Imagine being able to cycle long distances through quiet, scenic country lanes in the comfort of your home. A recent internet BBC news article by Suzanne Bearne described an inspiring 99-year-old gentleman named Kenneth Judd who won a silver medal in a global cycling competition by peddling in place a record number of miles in his Warwickshire, England care home.
With the help of a high-tech exercise bike Mr. Judd rode 2,348 miles over 26 days, an average of more than 90 miles per 24 hours. Those are pretty impressive statistics, even for someone a lot younger than the intrepid Mr. Judd, a former World War II fighter pilot. It was his second try at winning a medal, having come in seventh in 2020, and he trained for nine months in preparation for the event.
The international competition is in its fifth year and is called “Road World for Seniors” sponsored by British Cycling, the sport’s governing body in the United Kingdom. It’s open to elderly participants and those with dementia who cycle on stationary bikes manufactured by a Norwegian firm called Motitech. The cycling machines are connected to a computer or laptop that is linked to a TV or monitor. When the riders cycle, they see scenery, roads, or streets near their childhood homes. It’s a unique experience providing both mental and physical exercise and can be accompanied by a musical playlist of the caregivers’ or cyclists’ choice.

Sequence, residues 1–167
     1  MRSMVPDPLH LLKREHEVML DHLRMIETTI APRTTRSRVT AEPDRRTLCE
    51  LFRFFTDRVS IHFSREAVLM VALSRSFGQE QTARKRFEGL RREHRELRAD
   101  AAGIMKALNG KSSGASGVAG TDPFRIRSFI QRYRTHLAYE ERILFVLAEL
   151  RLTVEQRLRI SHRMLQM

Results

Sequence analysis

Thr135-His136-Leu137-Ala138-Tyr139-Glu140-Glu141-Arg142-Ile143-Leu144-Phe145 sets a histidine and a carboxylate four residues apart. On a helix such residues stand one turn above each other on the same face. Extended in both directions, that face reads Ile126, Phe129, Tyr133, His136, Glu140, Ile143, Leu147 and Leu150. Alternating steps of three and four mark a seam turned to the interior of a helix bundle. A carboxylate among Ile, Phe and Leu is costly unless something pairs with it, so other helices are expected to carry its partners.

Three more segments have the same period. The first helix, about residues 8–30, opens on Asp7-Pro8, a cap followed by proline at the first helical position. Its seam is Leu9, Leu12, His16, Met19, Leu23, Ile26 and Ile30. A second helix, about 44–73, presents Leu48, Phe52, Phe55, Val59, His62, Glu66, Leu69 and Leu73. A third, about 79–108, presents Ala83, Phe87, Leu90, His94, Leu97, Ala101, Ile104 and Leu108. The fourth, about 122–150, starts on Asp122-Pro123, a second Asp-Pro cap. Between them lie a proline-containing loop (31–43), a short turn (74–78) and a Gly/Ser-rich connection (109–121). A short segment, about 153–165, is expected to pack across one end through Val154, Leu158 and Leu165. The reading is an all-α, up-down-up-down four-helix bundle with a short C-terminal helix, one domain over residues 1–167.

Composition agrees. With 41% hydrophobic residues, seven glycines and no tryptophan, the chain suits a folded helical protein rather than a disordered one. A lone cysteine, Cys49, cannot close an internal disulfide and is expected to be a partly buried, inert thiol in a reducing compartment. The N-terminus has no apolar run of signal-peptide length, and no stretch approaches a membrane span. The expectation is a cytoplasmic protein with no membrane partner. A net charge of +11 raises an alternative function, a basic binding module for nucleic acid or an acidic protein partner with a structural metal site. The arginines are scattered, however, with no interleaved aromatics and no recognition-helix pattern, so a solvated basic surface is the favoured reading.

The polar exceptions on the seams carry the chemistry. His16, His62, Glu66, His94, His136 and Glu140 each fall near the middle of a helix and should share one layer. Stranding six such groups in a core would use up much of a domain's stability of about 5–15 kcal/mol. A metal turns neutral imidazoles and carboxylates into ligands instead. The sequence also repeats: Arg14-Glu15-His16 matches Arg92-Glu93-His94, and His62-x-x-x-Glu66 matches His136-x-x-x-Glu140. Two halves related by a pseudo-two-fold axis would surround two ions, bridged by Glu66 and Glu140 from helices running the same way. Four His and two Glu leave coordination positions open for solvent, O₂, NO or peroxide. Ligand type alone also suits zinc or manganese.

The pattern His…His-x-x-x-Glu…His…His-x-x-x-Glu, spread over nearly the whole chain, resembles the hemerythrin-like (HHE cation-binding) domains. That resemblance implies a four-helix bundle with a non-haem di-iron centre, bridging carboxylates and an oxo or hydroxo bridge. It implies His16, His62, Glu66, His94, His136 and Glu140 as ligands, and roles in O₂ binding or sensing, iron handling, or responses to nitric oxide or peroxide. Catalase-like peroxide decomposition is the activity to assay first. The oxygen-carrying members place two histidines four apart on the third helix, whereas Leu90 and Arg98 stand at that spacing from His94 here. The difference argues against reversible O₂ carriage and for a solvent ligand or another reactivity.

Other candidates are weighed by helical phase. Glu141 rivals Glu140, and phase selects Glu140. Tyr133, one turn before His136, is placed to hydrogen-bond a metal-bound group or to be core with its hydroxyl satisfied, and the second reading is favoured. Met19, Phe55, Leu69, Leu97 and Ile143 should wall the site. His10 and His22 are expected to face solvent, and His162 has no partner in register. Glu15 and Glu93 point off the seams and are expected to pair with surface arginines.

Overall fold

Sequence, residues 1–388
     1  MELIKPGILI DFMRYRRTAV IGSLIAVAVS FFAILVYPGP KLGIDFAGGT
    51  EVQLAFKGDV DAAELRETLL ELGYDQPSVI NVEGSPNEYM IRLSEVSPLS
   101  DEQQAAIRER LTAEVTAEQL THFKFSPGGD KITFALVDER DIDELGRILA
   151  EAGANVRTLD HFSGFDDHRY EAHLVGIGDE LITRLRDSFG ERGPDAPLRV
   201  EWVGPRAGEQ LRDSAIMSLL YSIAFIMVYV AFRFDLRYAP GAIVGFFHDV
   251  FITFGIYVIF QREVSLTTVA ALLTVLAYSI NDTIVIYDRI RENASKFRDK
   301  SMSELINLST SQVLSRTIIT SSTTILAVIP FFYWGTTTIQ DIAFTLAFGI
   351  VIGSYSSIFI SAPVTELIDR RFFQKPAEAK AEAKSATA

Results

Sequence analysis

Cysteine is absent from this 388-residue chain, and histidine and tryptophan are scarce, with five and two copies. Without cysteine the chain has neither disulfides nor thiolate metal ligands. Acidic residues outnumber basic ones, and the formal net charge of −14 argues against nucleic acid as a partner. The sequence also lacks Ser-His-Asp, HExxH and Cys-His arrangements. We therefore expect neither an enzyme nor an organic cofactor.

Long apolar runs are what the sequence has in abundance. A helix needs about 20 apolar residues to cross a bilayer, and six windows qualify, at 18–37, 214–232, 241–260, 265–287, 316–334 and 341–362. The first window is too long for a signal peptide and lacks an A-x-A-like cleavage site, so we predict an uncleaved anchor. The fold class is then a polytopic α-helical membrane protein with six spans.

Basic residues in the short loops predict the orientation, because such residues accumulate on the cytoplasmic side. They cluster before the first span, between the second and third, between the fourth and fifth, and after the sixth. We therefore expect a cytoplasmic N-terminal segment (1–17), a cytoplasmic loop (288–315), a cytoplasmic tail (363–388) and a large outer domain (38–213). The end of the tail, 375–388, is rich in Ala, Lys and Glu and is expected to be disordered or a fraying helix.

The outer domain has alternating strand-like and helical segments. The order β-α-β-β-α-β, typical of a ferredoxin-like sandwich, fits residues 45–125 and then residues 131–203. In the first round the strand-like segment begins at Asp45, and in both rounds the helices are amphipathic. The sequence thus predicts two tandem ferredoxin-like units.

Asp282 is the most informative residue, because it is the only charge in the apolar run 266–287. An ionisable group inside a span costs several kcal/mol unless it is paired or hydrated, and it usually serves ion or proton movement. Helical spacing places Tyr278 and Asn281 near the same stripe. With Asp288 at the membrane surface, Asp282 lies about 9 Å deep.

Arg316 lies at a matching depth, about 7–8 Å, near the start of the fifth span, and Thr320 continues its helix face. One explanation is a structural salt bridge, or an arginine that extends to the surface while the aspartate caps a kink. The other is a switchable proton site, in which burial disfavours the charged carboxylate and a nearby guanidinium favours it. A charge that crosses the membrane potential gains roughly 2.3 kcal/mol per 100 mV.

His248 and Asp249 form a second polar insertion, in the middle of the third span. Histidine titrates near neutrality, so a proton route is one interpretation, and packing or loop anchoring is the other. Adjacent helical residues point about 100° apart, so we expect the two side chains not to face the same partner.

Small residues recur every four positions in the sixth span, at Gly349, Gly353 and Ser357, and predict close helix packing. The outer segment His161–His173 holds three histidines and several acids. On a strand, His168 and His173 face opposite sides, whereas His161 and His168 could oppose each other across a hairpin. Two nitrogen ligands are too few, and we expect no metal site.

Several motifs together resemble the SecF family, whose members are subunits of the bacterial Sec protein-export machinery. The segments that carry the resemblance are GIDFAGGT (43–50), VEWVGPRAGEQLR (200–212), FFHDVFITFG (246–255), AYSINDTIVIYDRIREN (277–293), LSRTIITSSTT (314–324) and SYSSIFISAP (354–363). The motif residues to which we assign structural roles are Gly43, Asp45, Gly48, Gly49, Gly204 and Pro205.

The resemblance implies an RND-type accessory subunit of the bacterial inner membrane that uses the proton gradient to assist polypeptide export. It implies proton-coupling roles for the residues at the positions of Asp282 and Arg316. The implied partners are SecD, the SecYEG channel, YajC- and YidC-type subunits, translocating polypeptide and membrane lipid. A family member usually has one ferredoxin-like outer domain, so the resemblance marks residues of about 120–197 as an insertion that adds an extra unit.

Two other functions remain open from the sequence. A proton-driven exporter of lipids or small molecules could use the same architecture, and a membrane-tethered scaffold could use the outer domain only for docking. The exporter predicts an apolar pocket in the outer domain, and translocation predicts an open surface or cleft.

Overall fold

For a number of years this technology has been used in gyms and in homes. Perhaps some of you are familiar with or have used it. But Motitech’s Motiview system is geared specifically at older people and those with dementia. A wellbeing coordinator at a London care home was quoted in the article as saying that the key factor behind Motiview’s growing popularity is that senior cyclists are encouraged to remember their childhoods. Cycling in place with videos and music evoking happy memories is good for the body, mind, and soul.
In less than thirty years, the world’s aging population (65 and up) will increase to 16 percent, up from the current 9 percent. And although many seniors are able to cycle outdoors with no complications, those who cannot could be greatly helped by such technical innovations. Computer-assisted cycling in a safe environment still requires effort, concentration, and stamina— factors that help defeat isolation and loneliness in the elderly as well as contribute to keeping fit.
I was drawn to this article because it demonstrates so clearly that our lives are what we expect them to be if we are not hemmed in by debilitating injury or disease. What separates Mr. Judd at 99 in completing this cycling challenge is his “expectation” of training and competing and doing it to the best of his ability. Such expectation is the crucial piece in the puzzle of life as we try to age as healthfully and gracefully as possible.